On Tuesday I presented at the first ever PHP North East conference in Newcastle. Hosted in the fantastic Tyneside Cinema (which is the last surviving Newsreel theatre still operating as a cinema full-time in the UK), it was a very well organised event and I’m incredibly grateful to the PHP North East group for accepting my talk proposal.
My topic was “API driven development: Eating your own dog food”, I’ve embedded my slides below:
Unfortunately they weren’t able to video my talk so my slides may seem a little out of context but hopefully you can get the overall gist of what I talked about.
Once again, I’d like to say thank you to Anthony Sterling and the PHPNE crew for putting on a wonderful event.
Someone has posted a Github Gist with all of the client identifiers and secret keys for the official Twitter clients on various platforms.
This just highlights why it is imperitive that you don’t screw up like Facebook did by allowing wildcard client redirect URIs.
The client redirect URIs must be absolute and stored on the authorisation server.
So what can Twitter do about this?
They could release new binarys for all of their clients with new keys and invalidate the old keys, but clients that haven’t been updated will suddenly stop working and leave users confused and frustrated. Also it will be trivial for the new keys to be leaked too.
Alternatively they could come up with some sort of mechanism to allow the official clients to download new keys on the fly but then these could be captured with a man-in-the-middle attack.
But is it actually a problem?
First, it is important to recognise that this is really only a problem for desktop/mobile app clients (assuming that is that web server based clients themselves keep their keys secure – the differnece being that someone would have to break into a web server to get to them).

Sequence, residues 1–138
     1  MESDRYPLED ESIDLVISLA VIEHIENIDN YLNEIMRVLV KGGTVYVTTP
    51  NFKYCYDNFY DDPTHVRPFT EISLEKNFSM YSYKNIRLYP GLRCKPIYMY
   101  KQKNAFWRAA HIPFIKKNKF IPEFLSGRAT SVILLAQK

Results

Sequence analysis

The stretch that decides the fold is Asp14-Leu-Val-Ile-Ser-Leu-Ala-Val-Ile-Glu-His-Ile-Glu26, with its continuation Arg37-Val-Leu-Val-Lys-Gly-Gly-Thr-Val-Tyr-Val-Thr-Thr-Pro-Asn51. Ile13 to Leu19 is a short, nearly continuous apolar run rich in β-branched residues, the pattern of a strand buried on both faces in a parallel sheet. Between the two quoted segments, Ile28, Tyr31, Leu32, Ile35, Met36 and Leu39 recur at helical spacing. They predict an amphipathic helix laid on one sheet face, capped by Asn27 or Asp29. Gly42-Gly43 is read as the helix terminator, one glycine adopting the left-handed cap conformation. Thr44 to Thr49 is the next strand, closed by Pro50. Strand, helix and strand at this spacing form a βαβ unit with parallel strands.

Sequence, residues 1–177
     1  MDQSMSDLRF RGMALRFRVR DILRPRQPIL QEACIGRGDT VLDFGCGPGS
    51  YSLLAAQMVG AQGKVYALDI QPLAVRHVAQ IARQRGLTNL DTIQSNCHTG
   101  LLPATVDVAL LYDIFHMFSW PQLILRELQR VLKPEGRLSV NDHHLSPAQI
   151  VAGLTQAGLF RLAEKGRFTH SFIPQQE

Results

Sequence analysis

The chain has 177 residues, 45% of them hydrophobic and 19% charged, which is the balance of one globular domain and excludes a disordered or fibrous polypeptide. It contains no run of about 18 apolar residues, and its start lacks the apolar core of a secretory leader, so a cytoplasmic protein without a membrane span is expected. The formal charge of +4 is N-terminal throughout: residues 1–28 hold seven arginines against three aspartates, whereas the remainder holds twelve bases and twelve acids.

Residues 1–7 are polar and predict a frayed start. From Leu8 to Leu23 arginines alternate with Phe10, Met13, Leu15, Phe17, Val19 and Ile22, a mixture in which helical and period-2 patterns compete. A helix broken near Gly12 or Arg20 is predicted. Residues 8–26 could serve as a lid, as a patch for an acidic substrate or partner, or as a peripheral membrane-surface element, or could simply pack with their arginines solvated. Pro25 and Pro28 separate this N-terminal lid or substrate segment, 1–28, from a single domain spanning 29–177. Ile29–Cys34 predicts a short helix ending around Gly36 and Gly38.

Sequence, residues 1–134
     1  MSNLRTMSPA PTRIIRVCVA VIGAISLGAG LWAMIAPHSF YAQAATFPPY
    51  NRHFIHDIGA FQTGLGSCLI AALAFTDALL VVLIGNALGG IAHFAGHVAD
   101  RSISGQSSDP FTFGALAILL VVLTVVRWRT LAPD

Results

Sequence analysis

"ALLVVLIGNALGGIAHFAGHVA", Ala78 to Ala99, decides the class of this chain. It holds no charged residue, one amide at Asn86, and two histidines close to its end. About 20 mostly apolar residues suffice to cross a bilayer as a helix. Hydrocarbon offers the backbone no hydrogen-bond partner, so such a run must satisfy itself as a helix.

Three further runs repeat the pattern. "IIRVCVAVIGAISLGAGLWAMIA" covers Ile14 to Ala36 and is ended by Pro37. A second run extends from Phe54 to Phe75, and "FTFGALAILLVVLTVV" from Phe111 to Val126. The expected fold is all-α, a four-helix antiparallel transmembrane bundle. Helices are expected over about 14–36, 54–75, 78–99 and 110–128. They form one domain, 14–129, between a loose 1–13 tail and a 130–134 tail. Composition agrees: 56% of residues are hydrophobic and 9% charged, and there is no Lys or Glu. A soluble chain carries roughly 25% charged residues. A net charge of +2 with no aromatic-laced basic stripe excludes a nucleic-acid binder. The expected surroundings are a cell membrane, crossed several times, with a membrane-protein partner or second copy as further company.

Therefore as long as Twitter aren’t giving their own applications additional functionality that 3rd party clients can’t replicate then there isn’t too much of a problem because with this equal playing field scenario it could be Tweetbot or MetroTwit we’re talking about.
Having said that, the official iOS mobile client at least does allow you to register a new account, so these leaked keys could be used to create spam accounts.
With 3rd party Twitter clients being limited to 100,000 access tokens this could tempt some to make use of these keys however if they were caught then they risk being named and shamed by the media and that in turn could also result in developer accounts being banned by Apple and Google from their app stores.
Is OAuth to blame?
No, the OAuth protocol is behaving as it designed to here. That is, if a 3rd party client presented a correctly formed request with these valid keys and the correct redirect URI then, assuming Twitter doesn’t have some extra security in place to validate requests using their keys (such as validating user-agent strings for example), the authorisation server will assume the request is genuine.